The mentoring process can be reviewed and continued if appropriate How effective the induction process has been from the inductees point of view Feedback from the line manager and mentor has been provided on performance, achievements and development areas / needs. Targets / objectives have been agreed. 2. Phase 5- Follow up training Continual professional development is important because it ensures that all our employees continue to be competent in their work. (Indefinite) 3. 0 LEGAL ASPECTS OF AN INDUCTION 3. 1 Many organizations are unaware that there is statutory legislation that should e included within an induction process. . 2 Health and Safety It is important to ensure that new employees do not simply start in their new roles without being informed of the health and safety procedures of the company in general and their specific role. All aspects of health and safety are to be given to the employee in writing in the form of the employee hand book. The essential topics to be covered under health and safety should be: Emergency Exits Evacuation Procedures First Aid Facilities Company Health and Safety Policy Associated highway based risk assessments Accident Reporting
Personal Protective Equipment Any Site Specific Hazards Smoking Policy 3. 3 Equal Opportunities and Diversity As a company we have a legal responsibility to ensure that no unlawful discrimination occurs in the recruitment process and the career of an employee on the grounds of: Age Disability Gender Reassignment Marriage and civil partnership Pregnancy and maternity Race Religion or belief Sex and sexual orientation 3. 4 Data Protection The Data Protection Act is concerned with respecting the rights of individuals when processing their personal information.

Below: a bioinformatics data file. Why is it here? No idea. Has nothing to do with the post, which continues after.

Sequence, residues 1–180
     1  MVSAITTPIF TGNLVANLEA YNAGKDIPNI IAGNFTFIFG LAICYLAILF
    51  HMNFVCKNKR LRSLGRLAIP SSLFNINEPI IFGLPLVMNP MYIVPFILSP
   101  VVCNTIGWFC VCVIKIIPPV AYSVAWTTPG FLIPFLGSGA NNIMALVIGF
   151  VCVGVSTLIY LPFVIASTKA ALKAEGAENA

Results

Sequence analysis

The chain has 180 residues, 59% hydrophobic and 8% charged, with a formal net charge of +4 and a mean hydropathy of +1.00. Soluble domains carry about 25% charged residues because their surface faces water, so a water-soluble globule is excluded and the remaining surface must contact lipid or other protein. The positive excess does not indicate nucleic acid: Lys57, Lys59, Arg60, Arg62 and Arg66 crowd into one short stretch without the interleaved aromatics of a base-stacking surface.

This can be achieved by being pen and honest with employees about the use of information about them and by following good data handling procedures. The act is mandatory and we must comply with the following 8 principles. Personal data should be process fairly and lawfully Data should be obtained only for one or more specified and lawful purposes The data should be adequate, relevant and not excessive It should be accurate and where necessary kept up to date And data should not be kept for longer than necessary Personal data should be processed in accordance with the individuals rights under the act Data should be kept secure
Personal data should not be transferred outside the European Economic Areas unless the country offers adequate data protection. All staff have responsibilities under the Act to ensure that their activities comply with the Data Protection Principles. Line managers have responsibility for the type of personal data they collect and how they use it. Staff should not disclose personal data outside the organization’s procedures, or use personal data held on others for their own purposes. All employees have a legal right to access information that we may hold on them. . 5 Sickness absence procedures It is vital that this is explained from the very beginning of an employee’s career. As an employer we need to know when a member of staff is off for short term or long term sickness to allow us to provide relevant cover (if required). The presence of a formal procedure also protects the employee from any disciplinary procedures if they follow it. This information is covered within the employee handbook.